Of course, in the grand scheme of a well-balanced, nutrient-dense, varied, whole foods diet, the cooked vs. raw debate isn't that critical for most people.

 

Where this can become a consideration is for vitamin and mineral deficiencies (or "insufficiencies"). These may be due to digestion or absorption issues, or avoidance of certain foods (due to allergies, intolerances, or choice).

 

And I'll tell you that the answer isn't as simple as "raw is always better" or "cooked is always better."  As with most nutrition science, it depends on several factors. Some vitamins are destroyed in cooking, while others become easier to absorb (a.k.a. more "bioavailable").

 

Here is the skinny on vitamins and minerals in raw foods versus cooked foods.

 

Foods to eat raw

As a general rule, water soluble nutrients, like vitamin C and the B vitamins, found mostly in fruits and vegetables, are best eaten raw.

 

The reason why is two-fold.

 

First, when these nutrients are heated, they tend to degrade;  this is from any heat, be it steaming, boiling, roasting, or frying. Vitamin C and the B vitamins are a bit more "delicate" and susceptible to heat than many other nutrients.

 

Of course, the obvious way to combat these nutrient losses is to eat foods high vitamin C and B vitamins in their raw form (like in an awesome salad) or to cook them for as short a time as possible (like quickly steaming or blanching).

 

Fun fact: Raw spinach can contain three times the amount of vitamin C as cooked spinach.

 

The second reason why foods high in vitamin C and the B vitamins are best eaten raw is that they're "water soluble."  So, guess where the vitamins go when they're cooked in water?  Yes, they're dissolved right into the water;  this is particularly true for fruits and veggies that are boiled and poached but even for foods that steamed as well.

 

Of course, if you’re a savvy health nut, you’ll probably keep that liquid to use in your next soup or sauce to preserve those nutrients that are left after cooking. Just don’t overheat it or you may lose what you were aiming to keep.

 

But, how much loss are we talking about?  Well, of course, it ranges but can go from as low as 15%, up to over 50%.

 

In short, the water soluble vitamins like vitamin C and the B vitamins degrade with heat and some of what's left over after they're heated dissolves into the cooking water. So be sure to cook your fruits and veggies as little as possible, and keep that cooking water to use in your next recipe.

 

Soaking nuts and seeds

Regarding raw nuts and seeds, it may be beneficial to soak them. Soaking nuts and seeds (for several hours at room temperature) allows some of the minerals to become "unlocked" from their chemical structure, so they're more absorbable.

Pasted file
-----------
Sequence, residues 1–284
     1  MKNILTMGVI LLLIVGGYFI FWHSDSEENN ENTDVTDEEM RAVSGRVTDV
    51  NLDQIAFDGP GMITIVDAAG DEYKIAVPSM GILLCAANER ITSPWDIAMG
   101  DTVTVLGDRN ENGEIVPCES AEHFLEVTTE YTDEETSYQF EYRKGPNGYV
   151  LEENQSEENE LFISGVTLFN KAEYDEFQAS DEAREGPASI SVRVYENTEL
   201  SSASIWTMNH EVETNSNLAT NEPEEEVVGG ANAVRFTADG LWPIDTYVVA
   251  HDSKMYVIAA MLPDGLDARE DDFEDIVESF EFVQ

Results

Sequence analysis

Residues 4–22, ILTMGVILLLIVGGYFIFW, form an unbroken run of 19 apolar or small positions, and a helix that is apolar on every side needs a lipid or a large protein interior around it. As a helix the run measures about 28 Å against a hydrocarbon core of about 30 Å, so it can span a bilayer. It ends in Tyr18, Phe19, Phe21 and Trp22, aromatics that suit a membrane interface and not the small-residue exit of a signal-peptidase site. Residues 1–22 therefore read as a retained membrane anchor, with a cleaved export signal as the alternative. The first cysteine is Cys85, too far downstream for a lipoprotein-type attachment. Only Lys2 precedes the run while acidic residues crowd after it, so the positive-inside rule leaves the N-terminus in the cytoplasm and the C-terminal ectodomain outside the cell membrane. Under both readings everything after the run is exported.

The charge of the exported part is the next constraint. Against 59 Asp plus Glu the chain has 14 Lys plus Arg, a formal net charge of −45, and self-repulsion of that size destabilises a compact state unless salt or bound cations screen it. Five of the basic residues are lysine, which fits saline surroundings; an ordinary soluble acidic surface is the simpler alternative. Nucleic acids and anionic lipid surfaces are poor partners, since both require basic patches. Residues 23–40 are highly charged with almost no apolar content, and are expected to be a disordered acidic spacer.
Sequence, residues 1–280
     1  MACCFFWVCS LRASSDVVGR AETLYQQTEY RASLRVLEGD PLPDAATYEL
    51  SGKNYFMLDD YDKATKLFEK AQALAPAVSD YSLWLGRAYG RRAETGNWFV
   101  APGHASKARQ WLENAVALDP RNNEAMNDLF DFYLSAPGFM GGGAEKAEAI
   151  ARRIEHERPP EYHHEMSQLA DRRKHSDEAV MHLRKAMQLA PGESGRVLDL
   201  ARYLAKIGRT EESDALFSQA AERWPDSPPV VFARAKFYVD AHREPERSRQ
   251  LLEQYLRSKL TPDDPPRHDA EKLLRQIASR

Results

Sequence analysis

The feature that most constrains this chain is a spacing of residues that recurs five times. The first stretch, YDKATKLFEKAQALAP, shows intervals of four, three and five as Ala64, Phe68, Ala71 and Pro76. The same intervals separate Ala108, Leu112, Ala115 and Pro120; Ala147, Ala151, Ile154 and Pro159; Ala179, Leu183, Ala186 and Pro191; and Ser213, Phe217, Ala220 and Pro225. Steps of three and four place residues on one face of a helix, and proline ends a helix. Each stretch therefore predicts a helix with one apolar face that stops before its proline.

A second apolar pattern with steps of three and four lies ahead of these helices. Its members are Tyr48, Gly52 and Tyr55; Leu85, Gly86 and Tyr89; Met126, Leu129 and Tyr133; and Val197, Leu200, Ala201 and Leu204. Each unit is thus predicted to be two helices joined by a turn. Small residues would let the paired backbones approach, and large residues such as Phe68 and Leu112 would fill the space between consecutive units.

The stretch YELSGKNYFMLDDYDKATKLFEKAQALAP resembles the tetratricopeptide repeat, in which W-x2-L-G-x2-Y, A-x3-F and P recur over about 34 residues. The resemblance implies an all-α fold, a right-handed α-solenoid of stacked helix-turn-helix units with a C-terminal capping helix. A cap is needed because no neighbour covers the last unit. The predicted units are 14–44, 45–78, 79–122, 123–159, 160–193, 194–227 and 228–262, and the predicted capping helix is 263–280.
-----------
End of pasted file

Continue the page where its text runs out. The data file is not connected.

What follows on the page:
Foods to eat cooked

Cooking certain orange and red “beta-carotene rich” veggies (e.g. tomatoes, carrots, & sweet potatoes) can help make this pre-vitamin A compound more absorbable.

 

Fun fact: One study found that absorption of beta-carotene was 6.5 times greater in stir-fried carrots than in raw carrots!

 

Of course, eating your fat-soluble vitamins with a bit of fat will help you to absorb more of them, so that’s one factor to consider.

 

One vegetable that’s best eaten both raw and cooked is spinach!

 

And I’m not just saying this to get everyone to eat it any way possible (although, I would love for this to happen...unless you’re allergic, of course).

 

Spinach contains so many beneficial compounds that it's great eaten both raw and cooked.

 

Eating raw spinach preserves the water-soluble vitamins C & the B vitamins.

 

Eating spinach cooked allows the pre-vitamin A, as well as some of the minerals like iron to be better absorbed. Not to mention how much spinach reduces in size when it’s cooked, so it’s easier to eat way more cooked spinach than raw spinach.

 

Conclusion:

The old nutrition philosophy of making sure you get a lot of nutrient-dense whole foods into your diet holds true. Feel free to mix up how you eat them, whether you prefer raw or cooked just make sure you eat them.

 

Recipe (cooked spinach): Sauteed Spinach

Serves 4

 

2-4 teaspoons seasoned veggie broth

2 cloves garlic

1 bag baby spinach leaves

1 dash salt

1 dash black pepper

Fresh lemon

 

  1. In a large pan heat veggie broth.  
  2. Add garlic and saute for 1 minute.
  3. Add spinach, salt, pepper and toss with garlic and oil.  
  4. Cover pan and cook on low for about 2 minutes.  
  5. Saute cook spinach for another minute, stirring frequently, until all the spinach is wilted.
  6. Squeeze fresh lemon juice on top.

 

Serve & enjoy!

 

Tip: Enjoying the cooked spinach with the vitamin C in the “raw” lemon juice helps your body absorb more of the iron.

 

References:

https://authoritynutrition.com/cooking-nutrient-content/

http://www.precisionnutrition.com/10-ways-to-get-the-most-nutrients

 

5 Cholesterol Myths and What to Eat Instead

There's a bit of an over-emphasis (borderline obsession) about cholesterol in the media and when we talk with our doctor.

He always tells us to get our numbers lower, right?

Before blindly swallowing a red or blue pill to make that happen, it's important to understand the why and what.

Let's jump into some myths of what exactly cholesterol is.

 

Myth #1: “Cholesterol” is cholesterol